Visualization of CSV / Excel Survey Datasets: Comfort Food Choices

Surveys usually come in CSV / Excel formats and network visualization techniques can be very helpful to make more sense of the data. In this short tutorial we will demonstrate how network analysis and visualization can be used to discover crucial relationships in the survey data.

We will also show how CSV and Excel files can be visualized as a network graph using InfraNodus tool in order to generate additional insights about the relationships present within the data and produce quality visuals to supplement the data.

 

CSV Data to Text Network Graph: How it Works

Text network analysis represents any text as a network where the words are the nodes and their co-occurrences are the relations between them.

InfraNodus can be used to create text network representation of a standard text or a CSV / tabular / Excel dataset. Its default behavior is to extract the rows from a CSV file and to visualize co-occurrences of terms in every row.

So, for example, if we have a table of the relations between a travel destination and the corresponding country of origin (data obtained from the online travel guide waytorussia.net), it would be translated the following way into the graph:

Using text network analysis on this Excel table above we can reveal the most relevant relations in our data in seconds, which can be very useful for subsequent analysis.

The more complex this data gets, the more interesting are the results — this will be demonstrated in the next sections using another example of food choices versus motivations.

 

Step 1: Getting the CSV Data + Defining the Objective

For this tutorial we will be using a CSV dataset on Mercyhurst University students’ food preferences posted on Kaggle.

This data contains information about the food preferences, diet choices, preferred comfort food, the reasons for preferring the comfort food to the other types of food, and various other parameters.

For our study we chose to focus on information about the “comfort food” (usually fast-food and greasy meals) as this is one of the major risk factors that contributes to bad nutrition. We wanted to discover the relations between the comfort food and the reasons that trigger the students to turn to comfort food instead of their standard diet choices. We also wanted to analyze if there is any relation between the students’ choices in comfort food and the food they consumed in their childhood.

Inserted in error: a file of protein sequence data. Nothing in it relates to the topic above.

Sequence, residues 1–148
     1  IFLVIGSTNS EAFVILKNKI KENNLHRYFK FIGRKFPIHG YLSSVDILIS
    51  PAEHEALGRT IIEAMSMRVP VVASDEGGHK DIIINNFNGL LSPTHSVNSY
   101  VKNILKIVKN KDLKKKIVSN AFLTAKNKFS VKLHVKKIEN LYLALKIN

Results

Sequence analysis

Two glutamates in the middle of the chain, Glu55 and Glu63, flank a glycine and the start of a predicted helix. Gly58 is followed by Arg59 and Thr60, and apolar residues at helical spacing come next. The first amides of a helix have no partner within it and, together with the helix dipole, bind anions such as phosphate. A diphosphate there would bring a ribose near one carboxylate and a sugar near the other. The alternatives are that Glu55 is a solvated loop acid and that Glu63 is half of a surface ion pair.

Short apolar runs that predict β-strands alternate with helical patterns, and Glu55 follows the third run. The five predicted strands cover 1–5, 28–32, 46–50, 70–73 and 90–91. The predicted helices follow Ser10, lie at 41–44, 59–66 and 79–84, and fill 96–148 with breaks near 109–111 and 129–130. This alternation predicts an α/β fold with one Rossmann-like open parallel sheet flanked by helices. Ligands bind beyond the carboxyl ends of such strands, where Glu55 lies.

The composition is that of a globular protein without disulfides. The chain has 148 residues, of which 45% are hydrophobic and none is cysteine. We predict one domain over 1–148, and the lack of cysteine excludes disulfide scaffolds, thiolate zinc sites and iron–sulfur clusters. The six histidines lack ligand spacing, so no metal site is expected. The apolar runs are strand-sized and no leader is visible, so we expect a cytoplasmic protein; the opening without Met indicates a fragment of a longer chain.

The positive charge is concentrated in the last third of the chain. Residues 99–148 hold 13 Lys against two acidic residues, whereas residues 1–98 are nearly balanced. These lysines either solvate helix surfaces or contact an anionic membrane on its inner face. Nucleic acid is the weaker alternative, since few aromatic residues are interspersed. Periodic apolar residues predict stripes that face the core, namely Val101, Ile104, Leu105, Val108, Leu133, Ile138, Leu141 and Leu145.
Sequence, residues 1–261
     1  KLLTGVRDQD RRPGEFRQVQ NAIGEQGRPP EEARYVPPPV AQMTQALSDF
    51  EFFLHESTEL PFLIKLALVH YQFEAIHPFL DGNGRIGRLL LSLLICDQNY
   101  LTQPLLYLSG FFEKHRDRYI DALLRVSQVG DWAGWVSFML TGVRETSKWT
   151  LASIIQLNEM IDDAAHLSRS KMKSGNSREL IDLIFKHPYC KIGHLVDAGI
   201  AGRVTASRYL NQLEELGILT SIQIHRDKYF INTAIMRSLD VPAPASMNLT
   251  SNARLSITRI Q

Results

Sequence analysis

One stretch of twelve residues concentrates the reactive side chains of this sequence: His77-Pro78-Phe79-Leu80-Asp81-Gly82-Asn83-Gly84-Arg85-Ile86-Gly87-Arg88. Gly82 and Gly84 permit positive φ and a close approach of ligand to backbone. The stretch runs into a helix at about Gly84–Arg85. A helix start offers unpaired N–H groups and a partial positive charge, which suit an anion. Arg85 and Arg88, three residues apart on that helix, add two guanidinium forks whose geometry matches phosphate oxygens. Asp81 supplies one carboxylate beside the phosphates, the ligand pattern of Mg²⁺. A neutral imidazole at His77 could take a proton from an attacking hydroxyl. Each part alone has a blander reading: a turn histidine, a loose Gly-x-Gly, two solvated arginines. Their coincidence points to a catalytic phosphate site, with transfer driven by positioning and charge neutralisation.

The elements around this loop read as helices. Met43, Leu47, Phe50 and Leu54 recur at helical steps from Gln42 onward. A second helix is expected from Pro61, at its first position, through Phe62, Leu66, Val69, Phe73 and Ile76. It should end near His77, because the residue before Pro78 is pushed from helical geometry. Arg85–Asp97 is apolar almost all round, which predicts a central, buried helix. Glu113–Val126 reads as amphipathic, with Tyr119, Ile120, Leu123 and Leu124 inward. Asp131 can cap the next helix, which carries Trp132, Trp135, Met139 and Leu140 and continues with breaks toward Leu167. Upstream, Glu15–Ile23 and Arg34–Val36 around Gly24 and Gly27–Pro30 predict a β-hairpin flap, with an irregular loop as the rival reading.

So, our objectives are:

  1. Finding the relations between the comfort food types and the reasons for turning to comfort food
  2. Finding the relations between the specific comfort foods and the food consumed in childhood

Finding these relations may provide an insight to students, so that they’re more aware of the reasons behind their food choices as well as a possible connection of their comfort food choices to their childhood.

You can also use any CSV dataset of your own choice that contains textual data and follow the instructions below to extract meaningful relationships that can be visualized as a network graph.

Step 2: Upload & Process the CSV Data

  1. The first step is to log in InfraNodus and click on the Import File / CSV pane on the Apps page.
  2. We then select the CSV file and upload it on the server.
  3. The next step is to select which columns we want to process. The default behavior is that all the columns of the uploaded CSV file are processed, so that the data that appears in one row will be connected. For the purposes of our study (objective #1) we will limit the columns to these two: “comfort_food,comfort_food_reasons” — this way we will have a graph of relations between the different types of comfort food and the reasons for consuming this food.